School(s): Jewish Day School of Metropolitan Seattle (2000)
How has your day school education shaped your life, values, and your involvement in the Jewish community?
It was just yesterday (ok, 25+ years ago!) that my family moved to the Seattle area. A shy and anxious newcomer, I was welcomed into my Jewish Day School class with handwritten cards from every one of my soon-to-be-friends and classmates. I will always remember how good it felt to be seen, invited in; embraced — by teachers, peers, and their families alike. In this experience, and through so many others, JDS taught me to be a co-creator of Jewish community; community that’s warm and joyful, and that’s full of folks who care about and actively support one another’s wellbeing.
In addition to nurturing that sweet feeling of belonging, my day school education ignited a connection to our shared, time-spanning heritage. Studying the stories of our ancestors; learning the language, songs and rituals that have animated Jewish life for millenia; being guided to ask big, complex questions and to seek nuanced answers, even when it’s hard; and reflecting on what it means to be part of something much greater than myself… all of this deepened my curiosity about, my love for, and my commitment to Jewish history, traditions, values, and people. All of this helped shape my conscience. A dynamic secular education woven together with the opportunity to build Jewish literacy in structured ways over time was an enormous privilege, and a humbling honor. It planted seeds for the kind of confidence, and deep responsibility I feel within, and for, our Jewish community, today; confidence to live a proudly and actively Jewish life, connected with lifelong friends and familiar faces — and responsibility to work with others to ensure that all of our community spaces and experiences (Jewish and beyond) do indeed feel sweet, nurturing, meaningful, and motivating to *everyone* interested — now, and into the future.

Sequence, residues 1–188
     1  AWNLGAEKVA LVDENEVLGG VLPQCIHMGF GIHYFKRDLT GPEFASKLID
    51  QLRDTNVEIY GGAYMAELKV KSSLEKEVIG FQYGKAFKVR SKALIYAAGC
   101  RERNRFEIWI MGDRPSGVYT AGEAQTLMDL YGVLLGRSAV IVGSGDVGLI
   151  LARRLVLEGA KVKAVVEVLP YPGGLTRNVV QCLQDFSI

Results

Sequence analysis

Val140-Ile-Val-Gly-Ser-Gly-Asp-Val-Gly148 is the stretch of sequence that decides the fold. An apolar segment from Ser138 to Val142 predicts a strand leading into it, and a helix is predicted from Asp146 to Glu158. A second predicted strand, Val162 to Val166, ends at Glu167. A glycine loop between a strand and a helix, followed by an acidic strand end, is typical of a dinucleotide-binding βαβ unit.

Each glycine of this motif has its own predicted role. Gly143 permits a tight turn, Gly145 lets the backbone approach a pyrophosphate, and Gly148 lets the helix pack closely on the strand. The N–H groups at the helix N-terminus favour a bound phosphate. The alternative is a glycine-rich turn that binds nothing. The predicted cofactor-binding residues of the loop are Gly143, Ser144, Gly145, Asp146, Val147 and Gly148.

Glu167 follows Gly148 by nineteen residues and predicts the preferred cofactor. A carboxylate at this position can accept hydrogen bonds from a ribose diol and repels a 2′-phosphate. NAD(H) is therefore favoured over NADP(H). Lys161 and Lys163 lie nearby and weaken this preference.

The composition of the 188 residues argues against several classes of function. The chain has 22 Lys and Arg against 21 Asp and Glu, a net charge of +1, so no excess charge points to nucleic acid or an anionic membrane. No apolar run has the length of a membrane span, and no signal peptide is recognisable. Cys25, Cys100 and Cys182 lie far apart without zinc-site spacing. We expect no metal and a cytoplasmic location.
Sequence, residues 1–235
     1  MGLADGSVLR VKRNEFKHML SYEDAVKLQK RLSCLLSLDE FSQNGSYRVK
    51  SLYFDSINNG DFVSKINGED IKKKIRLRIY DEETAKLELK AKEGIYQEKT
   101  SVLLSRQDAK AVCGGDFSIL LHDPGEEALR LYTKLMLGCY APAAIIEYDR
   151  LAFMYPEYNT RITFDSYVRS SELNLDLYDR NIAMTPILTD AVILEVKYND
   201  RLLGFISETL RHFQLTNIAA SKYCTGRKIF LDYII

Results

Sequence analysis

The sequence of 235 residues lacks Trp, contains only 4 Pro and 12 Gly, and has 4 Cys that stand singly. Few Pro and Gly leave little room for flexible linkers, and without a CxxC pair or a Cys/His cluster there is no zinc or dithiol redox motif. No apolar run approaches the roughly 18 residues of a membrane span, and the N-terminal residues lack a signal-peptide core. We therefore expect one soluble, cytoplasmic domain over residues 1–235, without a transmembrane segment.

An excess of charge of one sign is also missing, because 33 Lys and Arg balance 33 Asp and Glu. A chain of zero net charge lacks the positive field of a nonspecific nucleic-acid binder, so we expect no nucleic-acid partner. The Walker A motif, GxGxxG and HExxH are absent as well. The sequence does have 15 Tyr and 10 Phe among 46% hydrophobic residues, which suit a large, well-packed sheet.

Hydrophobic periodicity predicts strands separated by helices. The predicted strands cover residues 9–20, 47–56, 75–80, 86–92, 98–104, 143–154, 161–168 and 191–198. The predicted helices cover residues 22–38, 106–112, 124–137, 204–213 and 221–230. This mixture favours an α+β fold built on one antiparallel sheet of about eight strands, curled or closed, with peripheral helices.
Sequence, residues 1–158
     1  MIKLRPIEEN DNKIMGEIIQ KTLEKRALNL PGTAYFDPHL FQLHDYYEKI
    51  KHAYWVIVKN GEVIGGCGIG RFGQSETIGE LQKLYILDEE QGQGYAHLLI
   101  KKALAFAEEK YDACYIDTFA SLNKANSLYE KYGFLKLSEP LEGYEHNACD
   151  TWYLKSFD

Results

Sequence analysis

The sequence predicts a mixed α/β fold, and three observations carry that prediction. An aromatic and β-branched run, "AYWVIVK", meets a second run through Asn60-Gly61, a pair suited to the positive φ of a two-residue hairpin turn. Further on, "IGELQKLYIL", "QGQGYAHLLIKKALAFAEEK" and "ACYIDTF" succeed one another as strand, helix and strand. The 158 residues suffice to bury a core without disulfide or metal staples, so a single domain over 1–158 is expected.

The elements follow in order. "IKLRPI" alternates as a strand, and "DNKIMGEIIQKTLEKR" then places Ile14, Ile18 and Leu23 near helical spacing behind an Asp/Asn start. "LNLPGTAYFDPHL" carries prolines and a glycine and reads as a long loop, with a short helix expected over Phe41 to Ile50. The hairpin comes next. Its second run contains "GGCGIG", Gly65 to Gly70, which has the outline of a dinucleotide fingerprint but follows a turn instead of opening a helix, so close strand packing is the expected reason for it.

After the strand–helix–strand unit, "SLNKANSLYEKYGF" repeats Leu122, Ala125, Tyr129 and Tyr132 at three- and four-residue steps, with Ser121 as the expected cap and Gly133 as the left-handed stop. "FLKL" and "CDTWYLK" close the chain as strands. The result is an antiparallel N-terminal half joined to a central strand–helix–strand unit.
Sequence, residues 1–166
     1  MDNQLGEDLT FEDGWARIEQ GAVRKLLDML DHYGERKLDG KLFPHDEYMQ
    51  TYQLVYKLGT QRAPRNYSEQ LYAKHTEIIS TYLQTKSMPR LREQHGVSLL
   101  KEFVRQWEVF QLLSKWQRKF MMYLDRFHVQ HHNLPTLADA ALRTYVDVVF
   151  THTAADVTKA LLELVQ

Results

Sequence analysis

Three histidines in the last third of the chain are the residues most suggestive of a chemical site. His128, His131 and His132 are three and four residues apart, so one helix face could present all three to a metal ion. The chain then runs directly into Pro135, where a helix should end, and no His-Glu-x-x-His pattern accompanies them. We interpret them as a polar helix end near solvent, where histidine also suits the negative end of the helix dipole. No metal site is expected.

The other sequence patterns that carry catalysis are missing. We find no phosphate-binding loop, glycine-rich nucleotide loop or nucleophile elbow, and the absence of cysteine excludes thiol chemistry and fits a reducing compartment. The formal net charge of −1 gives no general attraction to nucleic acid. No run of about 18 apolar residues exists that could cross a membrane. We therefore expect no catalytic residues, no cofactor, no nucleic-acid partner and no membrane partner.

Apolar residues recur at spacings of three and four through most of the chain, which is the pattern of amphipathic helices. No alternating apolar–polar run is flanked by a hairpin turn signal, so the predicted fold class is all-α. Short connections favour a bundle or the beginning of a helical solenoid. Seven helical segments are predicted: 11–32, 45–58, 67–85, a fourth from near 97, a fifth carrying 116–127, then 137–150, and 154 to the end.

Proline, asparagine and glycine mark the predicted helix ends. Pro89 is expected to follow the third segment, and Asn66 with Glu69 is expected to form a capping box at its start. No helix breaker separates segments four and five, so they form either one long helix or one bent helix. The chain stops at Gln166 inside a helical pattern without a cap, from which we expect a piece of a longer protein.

More about Talya
Talya Gillman develops experiences and resources that spark and support meaningful social action, rooted in the idea that we must “awaken from the illusion of our separateness” (Thich Nhat Hahn). Many experiences and relationships have fueled her commitment to building ecosystems of equity and belonging, where everyone is safe, treated with dignity, and has agency: a sense of connection to her ancestors and generations of diverse peoples who navigated challenges and opportunities that shape our lives today; teachers who speak truth and take risks; and community organizers who live and act with moral clarity, integrity, and commitments to justice. Talya has workes, taught and developed initiatives with organizations including Citizen University, Jewish Family Service-Seattle, University of Washington, and Repair the World. She received a Covenant Foundation Pomegranate Prize for emerging Jewish educators, and holds an M.A. in Transformational Leadership from Seattle University. Talya organizes with anti-racist and immigrant justice community networks in Seattle, and is a member of Tzedek Lab and Schusterman’s ROI Community.